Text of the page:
There will be, as in the end of the novel Perelandra, an Eternal Dance, an eternal and happy and perfect union between distincts, on the model of Holy Trinity (and together with the Holy Trinity). In opposition with Hell, which is a place of shadows, more unreal than Earth, the Heaven will be the place of the full reality. We will be there more real than we ever dreamed, in the presence of the Triune God, the perfect Reality. It will be there the beginning of the Great Story, the Morning, the end of our dream here on Earth[7].

I totally agree with C.S. Lewis vision of the afterlife. I find that it helped me to solve some of my previous difficulties very well. My only reserve regards his belief in Purgatory. I doubt that there will be such a place, because I consider that if a person really believes in Christ, then that should be demonstrated in his daily life. I doubt that in Heaven will be ‘believers’ who lived on earth in ‘joyful’ sinning. If they lived on earth in sin and were believers, then probably they suffered a lot because of that (not necessary more than the more ‘holy’ believers, but enough as to not consider that their life on earth was happy and to crave for Heaven). And maybe the fact that probably even in Heaven will be grades of reward can be helpful when we think at this problem. (mai mult…)

Read Full Post »


Titlu original: The Language of God – A Scientist Evidence for Belief
Autor: Francis S. Collins
Traducător: –
Editura: Free Press
Anul apariţiei: 2006
ISBN: 0-7432-8639-1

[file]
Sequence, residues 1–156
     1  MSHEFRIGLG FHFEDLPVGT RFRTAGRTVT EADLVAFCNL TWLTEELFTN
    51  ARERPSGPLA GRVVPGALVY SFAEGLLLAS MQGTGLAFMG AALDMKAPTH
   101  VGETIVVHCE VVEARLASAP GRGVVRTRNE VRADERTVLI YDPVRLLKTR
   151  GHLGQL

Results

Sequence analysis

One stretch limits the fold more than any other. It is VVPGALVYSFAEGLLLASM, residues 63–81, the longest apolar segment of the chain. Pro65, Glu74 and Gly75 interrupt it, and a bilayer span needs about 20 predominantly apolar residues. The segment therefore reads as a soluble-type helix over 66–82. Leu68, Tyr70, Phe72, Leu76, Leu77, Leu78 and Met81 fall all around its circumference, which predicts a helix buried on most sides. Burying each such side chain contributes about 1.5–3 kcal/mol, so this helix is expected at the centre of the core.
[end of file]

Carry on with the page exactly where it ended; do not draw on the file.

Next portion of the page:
Preț: 10 $

   

 Recenzie de Valentin Teodorescu

– Primele două părți ale recenziei pot fi citite aici și aici

If in the area of the transitional fossils and the evolutionary mechanism dr. Collins does not seem (to us) very convincing – and some of his critics explain that evaluation by his eventual lack of close familiarity with the critical literature in this direction (due to the fact that this is not his area of specialty) -, what can we say about his arguments coming from his area of expertise, the Human Genome?

Here his arguments seem to be more powerful indeed: for example, he argues that the existence of some repetitive elements – which originated, in his opinion, in some “jumping genes”, and which could be found in the same places in the mouse’ and human’ genome – is a proof of a common ancestor between humans and mice. He affirms that, although some of these kinds of elements might be functional – and not Junk DNA sequences –, this cannot be the case with the aforementioned example, because there are, in the case of the mouse and the humans, some repetitive elements which became one-legged – losing a part of their AND sequence, and, as result, losing any possibility of functioning. In many cases, observes Collins, these one-legged elements are found in parallel positions in human and mouse genome. This seems to be a proof of their common descent, because this process can happen only during the migration of a jumping gene – when the respective process cripples this gene.